Cover Image
close this bookMedical Assistance to Self-settled Refugees (Tropical Institute Antwerp, 1998)
View the document(introduction...)
View the documentPreface
View the documentIntroduction
close this folder1. Guinea, Liberia & Sierra Leone
View the documentThree poor countries
View the documentDifferent histories, different economies
View the documentA patchwork of ethnic groups
View the documentThe Forest Region of Guinea
View the documentThe influx of refugees between 1990 and 1995
close this folder2. The health system in Guinea, 1988-96
View the document(introduction...)
View the documentThe Bamako Initiative at the health centres
View the documentHospitals: rationalisation, cost recovery... but low utilisation
View the documentThe administrative structure of the health system
View the documentHuman resources in the health sector
View the documentCost and funding of the health system
View the documentThe Guinean health care system and PARLS
close this folder3. The refugee-crisis: between self-reliance and pragmatic assistance
close this folderWave 1: rural refugees from Nimba county, January-March, 1990
View the document(introduction...)
View the documentThe Initial Assistance
View the documentMore Refugees
close this folderWave 2: urban refugees or returnees? May-June, 1990
View the document(introduction...)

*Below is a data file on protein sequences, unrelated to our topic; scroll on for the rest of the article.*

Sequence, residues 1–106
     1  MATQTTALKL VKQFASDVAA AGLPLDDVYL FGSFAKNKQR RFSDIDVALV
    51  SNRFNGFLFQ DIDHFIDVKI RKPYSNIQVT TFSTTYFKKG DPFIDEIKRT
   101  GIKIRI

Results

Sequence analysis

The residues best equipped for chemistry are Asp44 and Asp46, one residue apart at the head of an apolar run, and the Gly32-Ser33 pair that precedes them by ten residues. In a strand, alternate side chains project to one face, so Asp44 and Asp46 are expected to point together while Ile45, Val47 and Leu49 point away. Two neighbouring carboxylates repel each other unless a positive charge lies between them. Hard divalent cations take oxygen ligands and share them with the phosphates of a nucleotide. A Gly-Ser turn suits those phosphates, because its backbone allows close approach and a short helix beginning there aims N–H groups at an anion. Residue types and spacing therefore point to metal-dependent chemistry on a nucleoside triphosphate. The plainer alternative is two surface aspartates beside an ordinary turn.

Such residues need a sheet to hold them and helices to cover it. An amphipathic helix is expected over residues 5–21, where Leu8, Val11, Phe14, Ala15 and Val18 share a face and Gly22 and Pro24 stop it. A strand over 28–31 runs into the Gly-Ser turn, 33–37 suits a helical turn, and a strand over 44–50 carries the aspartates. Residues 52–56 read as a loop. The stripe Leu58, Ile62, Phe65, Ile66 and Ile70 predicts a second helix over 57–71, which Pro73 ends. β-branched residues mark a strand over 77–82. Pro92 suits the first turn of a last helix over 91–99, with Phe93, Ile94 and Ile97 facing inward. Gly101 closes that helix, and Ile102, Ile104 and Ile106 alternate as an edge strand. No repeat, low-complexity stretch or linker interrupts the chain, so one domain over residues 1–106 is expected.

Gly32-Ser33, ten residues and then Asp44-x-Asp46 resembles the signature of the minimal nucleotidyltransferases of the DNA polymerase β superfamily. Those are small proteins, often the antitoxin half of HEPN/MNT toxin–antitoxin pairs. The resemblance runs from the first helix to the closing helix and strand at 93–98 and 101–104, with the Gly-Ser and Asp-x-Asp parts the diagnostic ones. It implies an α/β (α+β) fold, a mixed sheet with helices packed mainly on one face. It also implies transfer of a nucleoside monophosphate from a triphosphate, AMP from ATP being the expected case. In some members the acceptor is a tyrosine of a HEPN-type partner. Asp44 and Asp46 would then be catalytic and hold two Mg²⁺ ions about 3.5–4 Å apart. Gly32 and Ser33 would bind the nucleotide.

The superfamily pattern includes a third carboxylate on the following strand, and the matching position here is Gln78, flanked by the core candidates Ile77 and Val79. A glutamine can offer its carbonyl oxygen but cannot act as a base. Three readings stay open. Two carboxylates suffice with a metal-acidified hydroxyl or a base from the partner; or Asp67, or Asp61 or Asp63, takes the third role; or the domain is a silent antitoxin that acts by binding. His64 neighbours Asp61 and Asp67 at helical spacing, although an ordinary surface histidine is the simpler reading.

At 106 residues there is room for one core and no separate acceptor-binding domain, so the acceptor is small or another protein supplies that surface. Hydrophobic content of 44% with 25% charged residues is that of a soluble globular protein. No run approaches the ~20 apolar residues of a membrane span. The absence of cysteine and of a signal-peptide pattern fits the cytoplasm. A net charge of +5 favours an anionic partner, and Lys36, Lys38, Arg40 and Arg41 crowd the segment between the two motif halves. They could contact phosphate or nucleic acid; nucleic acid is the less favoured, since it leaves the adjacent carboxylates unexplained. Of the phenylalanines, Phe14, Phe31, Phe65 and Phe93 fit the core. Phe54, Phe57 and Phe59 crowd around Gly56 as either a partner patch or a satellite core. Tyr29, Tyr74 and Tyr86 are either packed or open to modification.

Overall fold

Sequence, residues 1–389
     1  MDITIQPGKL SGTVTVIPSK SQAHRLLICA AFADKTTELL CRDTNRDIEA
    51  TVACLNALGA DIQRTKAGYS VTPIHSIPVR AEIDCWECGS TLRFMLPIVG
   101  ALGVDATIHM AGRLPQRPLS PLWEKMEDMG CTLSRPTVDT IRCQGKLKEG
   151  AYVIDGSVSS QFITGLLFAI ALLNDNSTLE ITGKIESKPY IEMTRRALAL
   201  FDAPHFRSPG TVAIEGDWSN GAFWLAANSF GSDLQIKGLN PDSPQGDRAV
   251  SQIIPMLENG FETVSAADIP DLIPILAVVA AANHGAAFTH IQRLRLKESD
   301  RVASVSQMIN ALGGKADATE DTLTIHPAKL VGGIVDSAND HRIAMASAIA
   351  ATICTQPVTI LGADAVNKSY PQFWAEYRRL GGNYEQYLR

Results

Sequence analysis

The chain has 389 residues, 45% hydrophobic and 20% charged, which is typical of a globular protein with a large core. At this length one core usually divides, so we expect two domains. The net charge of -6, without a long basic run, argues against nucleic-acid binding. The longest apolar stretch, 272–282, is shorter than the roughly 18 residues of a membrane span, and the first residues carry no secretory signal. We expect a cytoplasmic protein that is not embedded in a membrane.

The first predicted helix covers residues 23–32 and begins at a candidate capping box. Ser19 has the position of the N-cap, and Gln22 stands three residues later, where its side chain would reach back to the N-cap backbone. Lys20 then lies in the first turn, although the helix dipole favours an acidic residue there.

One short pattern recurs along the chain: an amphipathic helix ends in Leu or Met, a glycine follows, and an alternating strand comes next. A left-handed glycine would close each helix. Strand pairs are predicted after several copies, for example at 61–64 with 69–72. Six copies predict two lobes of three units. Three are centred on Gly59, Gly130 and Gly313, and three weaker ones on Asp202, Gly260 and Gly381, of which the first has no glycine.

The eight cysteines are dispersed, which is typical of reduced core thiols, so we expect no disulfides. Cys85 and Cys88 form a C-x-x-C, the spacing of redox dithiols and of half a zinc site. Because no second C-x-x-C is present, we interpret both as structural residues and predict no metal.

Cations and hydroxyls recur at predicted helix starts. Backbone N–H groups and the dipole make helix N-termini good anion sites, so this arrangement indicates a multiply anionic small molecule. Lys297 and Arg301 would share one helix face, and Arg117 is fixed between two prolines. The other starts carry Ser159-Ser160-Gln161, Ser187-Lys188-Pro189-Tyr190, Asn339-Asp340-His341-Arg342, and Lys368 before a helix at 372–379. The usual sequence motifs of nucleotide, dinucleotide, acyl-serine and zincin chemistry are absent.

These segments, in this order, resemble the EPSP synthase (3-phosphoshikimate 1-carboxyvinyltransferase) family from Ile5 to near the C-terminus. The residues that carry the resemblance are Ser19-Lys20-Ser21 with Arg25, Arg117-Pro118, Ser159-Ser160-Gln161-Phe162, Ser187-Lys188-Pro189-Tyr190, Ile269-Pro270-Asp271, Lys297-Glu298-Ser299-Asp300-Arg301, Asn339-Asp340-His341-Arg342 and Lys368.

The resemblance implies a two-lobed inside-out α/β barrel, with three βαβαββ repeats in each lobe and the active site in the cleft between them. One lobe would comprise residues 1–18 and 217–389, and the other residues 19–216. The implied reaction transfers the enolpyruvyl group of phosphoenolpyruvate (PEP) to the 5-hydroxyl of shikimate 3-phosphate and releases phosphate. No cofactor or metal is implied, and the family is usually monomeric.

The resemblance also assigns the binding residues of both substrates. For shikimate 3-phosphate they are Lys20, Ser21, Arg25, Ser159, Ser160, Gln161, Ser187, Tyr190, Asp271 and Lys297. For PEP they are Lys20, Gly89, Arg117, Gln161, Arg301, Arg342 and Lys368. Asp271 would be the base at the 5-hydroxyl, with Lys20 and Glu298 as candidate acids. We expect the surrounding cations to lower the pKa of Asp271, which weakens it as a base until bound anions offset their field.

View the documentThe same assistance .....
View the document... But not for everybody
View the documentWave 3: rural refugees from Loffa county, June-August, 1990
close this folderWave 4: refugees from Sierra Leone, March-April, 1991
View the document(introduction...)
View the documentMore active interventions
View the documentA period of relative tranquillity: the refugees remain and PARLS is consolidated
close this folderLate arrivals: the subsequent minor waves, 1992-95
View the documentCross-border movements in both directions
View the documentEarly versus late arrivals
View the documentNew agencies and changes in PARLS
close this folderSettlement patterns of refugees
View the documentThe number and distribution of refugees*
View the document'Integration' of urban refugees
View the documentRural refugees: between 'integration' and 'segregation'
View the document'Refugees live in camps'
close this folder4. Food aid
View the document(introduction...)
View the documentA rational basis for deciding on food aid?
View the documentRefugee registration
close this folderAssessing the nutritional situation
View the document(introduction...)
View the documentMonitoring of market prices
View the documentPMC monitoring
View the documentAnthropometric surveys
View the documentThe limitations of anthropometric surveys